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Has anyone ever thought about this? What if bugs/insects/arachnids/etc were reveresed with mammels..

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posted on Sep, 4 2009 @ 11:35 PM
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I've been thinking recently, with insects and bugs like bees who build hives, like ants who build ant hills where they live and tunnel in a social community and termites who build giant mounds, and spiders who weave beautiful webs to catch their prey. Imagine if these creatures were just as big as the typical mammal, say the size of a dog. Would an ant, the size of a dog, with other ants create an ant hill the size of a small city? A town? Now, we humans are the only civilization OR species known to alter their environment for themselves to benefit, correct?

You don't see cats building houses to live in. You don't see dogs making a hive. You don't see a bear making a web. I know these examples are all out of whack, but what I'm saying here is has anyone thought before that it's kind of odd that these so small creatures are kind of like us, in the sense of making objects to live and store things in? I mean, imagine if they were just bigger, our size, would their creations rival the size of our cities and towns and whatnot?

It's just weird to me, I've been thinking about this lately. Sometimes I imagine if spiders were just the size of a house cat, would their webbings be pretty much the size of an entire house? Would a bee hive or termite mound pretty much be a city building, or even a skyscraper? Would an anthill be pretty much the size of a town? Think about it and post here with your gatherings, thanks!


[edit on 4-9-2009 by Deus Ex Machina 42]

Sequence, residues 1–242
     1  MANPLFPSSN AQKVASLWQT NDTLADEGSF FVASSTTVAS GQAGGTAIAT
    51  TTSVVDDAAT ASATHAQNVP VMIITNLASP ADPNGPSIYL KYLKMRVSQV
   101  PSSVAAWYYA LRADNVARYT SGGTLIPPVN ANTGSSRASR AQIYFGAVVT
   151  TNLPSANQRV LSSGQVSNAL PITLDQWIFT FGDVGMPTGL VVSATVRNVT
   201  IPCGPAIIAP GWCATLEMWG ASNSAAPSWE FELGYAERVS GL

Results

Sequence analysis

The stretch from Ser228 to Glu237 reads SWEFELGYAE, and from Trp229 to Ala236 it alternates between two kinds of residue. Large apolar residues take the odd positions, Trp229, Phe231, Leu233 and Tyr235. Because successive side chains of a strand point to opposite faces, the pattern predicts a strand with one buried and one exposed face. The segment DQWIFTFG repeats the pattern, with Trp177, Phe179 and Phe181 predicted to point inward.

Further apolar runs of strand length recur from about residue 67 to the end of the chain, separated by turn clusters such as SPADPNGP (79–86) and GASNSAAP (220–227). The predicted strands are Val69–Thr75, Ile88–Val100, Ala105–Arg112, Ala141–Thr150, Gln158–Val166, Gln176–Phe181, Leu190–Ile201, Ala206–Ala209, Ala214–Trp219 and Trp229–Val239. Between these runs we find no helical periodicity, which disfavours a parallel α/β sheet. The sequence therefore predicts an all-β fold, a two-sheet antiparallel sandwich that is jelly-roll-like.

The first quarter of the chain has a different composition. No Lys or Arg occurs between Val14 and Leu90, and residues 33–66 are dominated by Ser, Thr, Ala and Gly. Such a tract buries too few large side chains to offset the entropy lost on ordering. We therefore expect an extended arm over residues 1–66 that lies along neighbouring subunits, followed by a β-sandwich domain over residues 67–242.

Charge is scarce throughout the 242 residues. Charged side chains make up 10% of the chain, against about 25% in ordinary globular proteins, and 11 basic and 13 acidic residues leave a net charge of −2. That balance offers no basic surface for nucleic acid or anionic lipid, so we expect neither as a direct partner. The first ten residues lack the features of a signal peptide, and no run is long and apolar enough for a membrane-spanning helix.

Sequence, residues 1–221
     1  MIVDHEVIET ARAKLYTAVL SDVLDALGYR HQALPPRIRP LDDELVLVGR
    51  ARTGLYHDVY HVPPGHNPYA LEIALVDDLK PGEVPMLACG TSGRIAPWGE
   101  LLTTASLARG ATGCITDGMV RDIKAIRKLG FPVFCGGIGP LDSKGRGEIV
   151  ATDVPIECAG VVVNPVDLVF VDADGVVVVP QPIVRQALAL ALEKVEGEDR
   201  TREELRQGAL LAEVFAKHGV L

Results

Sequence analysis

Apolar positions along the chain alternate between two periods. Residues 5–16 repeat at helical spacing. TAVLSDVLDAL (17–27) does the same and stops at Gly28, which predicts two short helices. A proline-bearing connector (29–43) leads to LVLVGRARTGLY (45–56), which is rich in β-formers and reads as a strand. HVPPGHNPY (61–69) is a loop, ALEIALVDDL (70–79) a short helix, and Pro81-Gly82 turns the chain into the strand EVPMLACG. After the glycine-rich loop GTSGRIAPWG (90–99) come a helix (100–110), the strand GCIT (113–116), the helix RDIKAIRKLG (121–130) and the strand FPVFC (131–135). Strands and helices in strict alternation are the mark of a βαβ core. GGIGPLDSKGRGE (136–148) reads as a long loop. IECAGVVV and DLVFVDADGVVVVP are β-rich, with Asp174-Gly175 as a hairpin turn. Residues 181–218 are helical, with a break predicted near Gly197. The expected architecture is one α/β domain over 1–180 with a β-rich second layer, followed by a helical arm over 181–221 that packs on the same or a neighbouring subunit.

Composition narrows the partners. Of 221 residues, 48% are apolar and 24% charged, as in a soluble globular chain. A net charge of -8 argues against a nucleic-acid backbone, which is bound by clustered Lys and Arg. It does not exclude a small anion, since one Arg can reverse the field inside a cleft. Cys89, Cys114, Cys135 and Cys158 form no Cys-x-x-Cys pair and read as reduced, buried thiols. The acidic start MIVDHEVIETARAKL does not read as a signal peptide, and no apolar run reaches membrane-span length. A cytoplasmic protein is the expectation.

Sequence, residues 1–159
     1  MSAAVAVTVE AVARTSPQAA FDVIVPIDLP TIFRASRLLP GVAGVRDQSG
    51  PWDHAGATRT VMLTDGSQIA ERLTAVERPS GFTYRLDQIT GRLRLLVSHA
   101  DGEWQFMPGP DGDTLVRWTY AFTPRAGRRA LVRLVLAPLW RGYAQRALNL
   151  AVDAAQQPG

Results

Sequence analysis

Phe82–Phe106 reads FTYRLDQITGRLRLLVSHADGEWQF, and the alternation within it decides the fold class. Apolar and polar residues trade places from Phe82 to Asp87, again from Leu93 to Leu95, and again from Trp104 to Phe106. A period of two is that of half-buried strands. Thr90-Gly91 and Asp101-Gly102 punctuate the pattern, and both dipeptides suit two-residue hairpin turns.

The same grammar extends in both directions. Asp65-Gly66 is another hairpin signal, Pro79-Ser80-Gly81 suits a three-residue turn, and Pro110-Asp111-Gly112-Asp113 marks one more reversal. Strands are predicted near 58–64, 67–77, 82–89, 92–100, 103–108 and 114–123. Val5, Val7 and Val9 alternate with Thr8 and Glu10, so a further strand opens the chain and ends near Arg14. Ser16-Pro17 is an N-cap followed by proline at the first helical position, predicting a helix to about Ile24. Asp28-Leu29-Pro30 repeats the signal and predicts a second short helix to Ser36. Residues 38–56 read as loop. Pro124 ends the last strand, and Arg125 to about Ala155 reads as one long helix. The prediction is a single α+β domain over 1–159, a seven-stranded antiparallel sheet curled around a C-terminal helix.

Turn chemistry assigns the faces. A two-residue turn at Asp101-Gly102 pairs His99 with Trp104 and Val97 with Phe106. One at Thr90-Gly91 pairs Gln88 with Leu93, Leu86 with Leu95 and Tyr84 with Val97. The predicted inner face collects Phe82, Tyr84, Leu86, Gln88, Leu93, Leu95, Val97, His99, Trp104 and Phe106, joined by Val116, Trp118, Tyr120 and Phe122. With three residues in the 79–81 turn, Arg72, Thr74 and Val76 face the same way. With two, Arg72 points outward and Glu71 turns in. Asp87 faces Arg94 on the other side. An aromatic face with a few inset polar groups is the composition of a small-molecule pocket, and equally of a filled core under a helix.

posted on Sep, 4 2009 @ 11:42 PM
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Originally posted by Deus Ex Machina 42
Now, we humans are the only civilization OR species known to alter their environment for themselves to benefit, correct?
[edit on 4-9-2009 by Deus Ex Machina 42]

What about a beaver?




posted on Sep, 5 2009 @ 12:12 AM
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Indeed, you are right, but I meant on a much larger scale like we as humans do. Would insects/bugs/arachnids be able to compare with our cities/etc if they were our size?



posted on Sep, 5 2009 @ 12:24 AM
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No they would not. The bigger a creature is the more energy it needs to expend to move itself around. Bugs are so hardcore because of their small mass. That and their hard exoskeletons protect them a lot more than our fleshy meat on the outside. They also don't have a regular blood system or oxygen system like we do, they breathe through a series of holes in their skin, which connect to every cell in the body (instead of having o2 move through blood to cells). Since oxygen travels faster in air than water they are extremely efficient with oxygen usage.

The bigger the creature the less likely it will have the same characteristics as when it was small. As the size increase its surface area increases in proportion to the square of length and its weight increase with the cube of length.

Now this is coming straight out of my book "Bugs in the System"


Statements like "A grasshopper as large as a man could leap across a football field in a single jump" or "if a man were as strong as an ant, he could pull two boxcars without sweating."
The problem with all of these statements is that they don't take into account the surface area/volume ratio. ... if a grasshopper were as big as a man, it could jump probably only about as far as a man can jump, since its muscles would have to move a much greater bulk or volume than a grasshopper is accustomed to moving.


So basically if they were big like us, they would eat a crap load, and probably ravage everything, and not be able to move as many things as they could while being small. An ant can pick up a large leaf for instance, it very well could weigh a lot more than an ant, but if it was our size it would not be able to do the same thing.





posted on Sep, 5 2009 @ 12:35 AM
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What about birds that build nests?